The blending of Christian love and Platonism laid the ground for the troubadour tradition that began in late 11th century Occitania (broadly, the southern half of France). A troubadour extolled refined or courtly love, which he directed at a married and unavailable lady, often of a superior social rank, as a means of exalting himself and attaining to a higher virtue, notably by carrying out a succession of chivalrous acts or tests. For the first time in the Judeo-Christian tradition, love, insofar as courtly love can count as love, did not ultimately aim at, or depend upon, God, and the Church duly declared it a heresy. In a significant cultural reversal, the daughter of Eve, although in this context an essentially passive and interchangeable idol, turned from devilish temptress or object of contempt to sublime conduit of virtue, a goddess in the place of God. The troubadour tradition, which had remained an elite and minority movement, died out around the time of the Black Death in 1348.

Saint Francis of Assisi (d. 1226) taught that nature is the mirror of God. Although a reforming Christian, his Canticle of the Creatures comes across as almost pagan in inspiration: ‘Be praised, my Lord, through all your creatures, especially through my lord Brother Sun, who brings the day; and you give light through hi. And he is beautiful and radiant in all his splendour! Of you, Most High, he bears the likeness.’ In the next period, God gradually comes down to earth, to be worshipped through his creation, and, above all, through the human body. This, in any case, served as justification for all those Renaissance nudes, first among them Michelangelo’s magisterial statue of David (1504) which the Florentines displayed at the political and historical heart of their city in the Piazza della Signoria. One could admire David, or anyone else for that matter, as the mirror of God, but, for just that reason, one could not turn him into an object of lust. God’s earthly descend ends with the Dutch philosopher Baruch de Spinoza (1632-1677), who thought of God and nature as one and the same. More precisely, Spinoza brought nature into God, thereby, in some sense, eliminating or radically redefining him: ‘Whatsoever is, is in God… God is the indwelling, and not the transient cause of all things.’

As God retreated from love, Platonism, which had been lurking in the background, stepped forward to fill the void. Abraham had surrendered himself and his son Isaac out of devotion to God. But in the Romantic era, love became all the opposite: a means of finding and validating oneself. ‘So I’m thanking you today because of you I am now me.’ In the time of God, finding oneself—or, more accurately, losing oneself in God—had required years of patient spiritual practice, but, after the French Revolution, romantic love could save almost anyone, and with very little investment on their part. Plato’s ladder of love had been an elitist project designed to sublime sexual desire into virtue, but the Romantics, concerned with neither God nor reason, held that love with a good and beautiful person could only intensify sexual desire. The sacred seeped out of God and into love, and, with more success than reason, progress, communism, or any other -ism, love took the place of the dying religion in lending weight and meaning and texture to our lives. People had once loved God, but now they loved love: more than with their beloved, they, like the troubadours before them, fell in love with love itself.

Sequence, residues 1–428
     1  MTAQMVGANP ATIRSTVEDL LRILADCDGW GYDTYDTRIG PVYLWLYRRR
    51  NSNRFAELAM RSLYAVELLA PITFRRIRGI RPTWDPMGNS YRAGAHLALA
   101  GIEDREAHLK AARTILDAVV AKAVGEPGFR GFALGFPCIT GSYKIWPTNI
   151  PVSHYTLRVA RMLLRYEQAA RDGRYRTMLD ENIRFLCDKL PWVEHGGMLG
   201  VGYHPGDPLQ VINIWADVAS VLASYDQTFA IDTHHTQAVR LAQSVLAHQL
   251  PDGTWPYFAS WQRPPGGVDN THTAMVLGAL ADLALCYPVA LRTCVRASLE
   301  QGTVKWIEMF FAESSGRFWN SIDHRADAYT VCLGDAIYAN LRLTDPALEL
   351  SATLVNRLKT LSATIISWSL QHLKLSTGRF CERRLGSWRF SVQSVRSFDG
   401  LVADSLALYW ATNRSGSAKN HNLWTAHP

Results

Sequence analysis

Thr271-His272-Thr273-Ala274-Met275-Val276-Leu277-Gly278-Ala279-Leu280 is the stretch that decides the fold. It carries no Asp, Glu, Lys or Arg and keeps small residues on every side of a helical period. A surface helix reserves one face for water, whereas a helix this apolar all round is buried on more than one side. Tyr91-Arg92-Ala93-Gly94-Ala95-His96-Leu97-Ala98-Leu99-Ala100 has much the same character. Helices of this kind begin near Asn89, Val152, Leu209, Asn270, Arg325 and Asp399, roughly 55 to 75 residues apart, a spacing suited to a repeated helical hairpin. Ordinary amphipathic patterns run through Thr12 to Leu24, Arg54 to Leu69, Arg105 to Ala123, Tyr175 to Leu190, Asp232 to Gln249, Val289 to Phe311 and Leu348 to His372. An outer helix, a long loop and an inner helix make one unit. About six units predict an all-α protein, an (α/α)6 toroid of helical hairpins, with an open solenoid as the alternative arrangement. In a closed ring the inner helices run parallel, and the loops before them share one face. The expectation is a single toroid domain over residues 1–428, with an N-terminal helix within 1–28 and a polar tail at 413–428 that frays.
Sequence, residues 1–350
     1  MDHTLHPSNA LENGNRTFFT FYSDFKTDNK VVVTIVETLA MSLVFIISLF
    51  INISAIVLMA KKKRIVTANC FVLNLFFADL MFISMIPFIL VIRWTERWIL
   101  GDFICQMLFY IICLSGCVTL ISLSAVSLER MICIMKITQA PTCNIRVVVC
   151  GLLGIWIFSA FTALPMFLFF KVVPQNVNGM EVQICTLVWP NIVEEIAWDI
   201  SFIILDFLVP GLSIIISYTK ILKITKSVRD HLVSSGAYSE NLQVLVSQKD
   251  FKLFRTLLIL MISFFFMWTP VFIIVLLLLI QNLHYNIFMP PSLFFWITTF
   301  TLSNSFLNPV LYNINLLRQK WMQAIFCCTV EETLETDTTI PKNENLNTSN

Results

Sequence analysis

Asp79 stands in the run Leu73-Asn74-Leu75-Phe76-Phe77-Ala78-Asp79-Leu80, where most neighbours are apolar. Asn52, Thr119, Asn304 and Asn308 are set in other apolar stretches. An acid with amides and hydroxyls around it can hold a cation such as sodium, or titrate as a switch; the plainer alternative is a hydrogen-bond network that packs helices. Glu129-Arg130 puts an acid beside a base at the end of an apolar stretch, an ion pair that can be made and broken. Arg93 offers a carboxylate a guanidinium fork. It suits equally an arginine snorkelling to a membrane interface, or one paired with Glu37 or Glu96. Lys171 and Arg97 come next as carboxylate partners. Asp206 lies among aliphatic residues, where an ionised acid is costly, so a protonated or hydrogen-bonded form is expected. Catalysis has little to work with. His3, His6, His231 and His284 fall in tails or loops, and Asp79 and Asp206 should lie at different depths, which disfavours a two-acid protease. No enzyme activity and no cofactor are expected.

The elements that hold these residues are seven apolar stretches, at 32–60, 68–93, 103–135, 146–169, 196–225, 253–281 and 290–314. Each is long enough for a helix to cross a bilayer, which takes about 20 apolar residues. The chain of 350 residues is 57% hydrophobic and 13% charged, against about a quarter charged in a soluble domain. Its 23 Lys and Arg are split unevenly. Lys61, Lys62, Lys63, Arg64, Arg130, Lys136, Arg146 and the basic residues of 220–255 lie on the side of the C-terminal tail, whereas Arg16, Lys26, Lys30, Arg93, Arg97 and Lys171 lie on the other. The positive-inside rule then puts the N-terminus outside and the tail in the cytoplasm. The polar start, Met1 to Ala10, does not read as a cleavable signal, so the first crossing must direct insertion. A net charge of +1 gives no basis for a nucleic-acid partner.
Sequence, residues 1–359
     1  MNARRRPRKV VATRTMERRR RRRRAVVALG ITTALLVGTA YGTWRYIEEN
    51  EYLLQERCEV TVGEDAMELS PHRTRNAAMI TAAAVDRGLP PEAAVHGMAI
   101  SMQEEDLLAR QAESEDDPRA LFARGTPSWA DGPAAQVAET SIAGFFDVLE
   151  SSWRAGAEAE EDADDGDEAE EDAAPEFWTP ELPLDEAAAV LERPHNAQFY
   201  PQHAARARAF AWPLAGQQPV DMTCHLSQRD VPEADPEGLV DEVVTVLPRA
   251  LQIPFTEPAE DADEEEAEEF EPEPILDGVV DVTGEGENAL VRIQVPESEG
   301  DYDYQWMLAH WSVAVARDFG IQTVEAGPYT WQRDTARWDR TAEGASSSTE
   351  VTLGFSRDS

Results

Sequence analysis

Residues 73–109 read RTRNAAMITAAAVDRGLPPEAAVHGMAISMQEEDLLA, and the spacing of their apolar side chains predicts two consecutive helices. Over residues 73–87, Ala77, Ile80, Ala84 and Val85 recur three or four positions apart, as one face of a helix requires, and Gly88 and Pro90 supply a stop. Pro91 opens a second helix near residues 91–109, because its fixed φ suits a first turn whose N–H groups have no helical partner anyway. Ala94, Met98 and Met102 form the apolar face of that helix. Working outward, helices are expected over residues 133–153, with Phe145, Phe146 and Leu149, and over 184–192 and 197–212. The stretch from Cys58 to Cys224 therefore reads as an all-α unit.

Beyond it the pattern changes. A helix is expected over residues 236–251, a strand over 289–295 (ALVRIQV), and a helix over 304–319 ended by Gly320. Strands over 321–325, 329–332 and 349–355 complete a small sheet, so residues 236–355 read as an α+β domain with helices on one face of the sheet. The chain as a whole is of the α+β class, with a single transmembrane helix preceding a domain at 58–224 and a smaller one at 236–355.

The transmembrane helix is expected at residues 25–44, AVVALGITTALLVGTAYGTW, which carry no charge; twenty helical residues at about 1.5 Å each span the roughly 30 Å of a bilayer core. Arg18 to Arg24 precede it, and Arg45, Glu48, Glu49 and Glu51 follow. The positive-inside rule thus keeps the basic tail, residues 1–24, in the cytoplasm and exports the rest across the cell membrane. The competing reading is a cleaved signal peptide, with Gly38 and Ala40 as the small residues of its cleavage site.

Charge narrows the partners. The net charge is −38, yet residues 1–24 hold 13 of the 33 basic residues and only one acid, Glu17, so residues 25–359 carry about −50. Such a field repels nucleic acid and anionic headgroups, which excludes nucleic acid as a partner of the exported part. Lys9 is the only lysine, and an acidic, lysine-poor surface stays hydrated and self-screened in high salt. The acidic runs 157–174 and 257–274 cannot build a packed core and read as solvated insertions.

References:

  • Sophocles, Antigone. Trans. Robert Fagles.
  • Plato, Symposium. Trans. Benjamin Jowett.
  • Aristotle, Nicomachen Ethics VIII. Trans. WD Ross.
  • Montaigne, Michel de, On Friendship. Translated by Donald Frame.
  • Boétie, Etienne de la, as quoted in Bakewell S (2011): A life of Montaigne… p92. Vintage Books.
  • Ovid, The Heroines. Trans. G Showerman.
  • Ovid, The Art of Love II. Trans. J Lewis May.
  • Schopenhauer A (1819), The World as Will and Representation.
  • Bible: Genesis 22:12 (KJV).
  • Bible: John 3:14-15 (KJV).
  • Bible: Matthew 5:44 (KJV).
  • St Francis of Assisi, Canticle of the Creatures. Trans. Franciscan Friars Third Order Regular.
  • Spinoza, Baruch (1677): Ethics I, 15 & 18.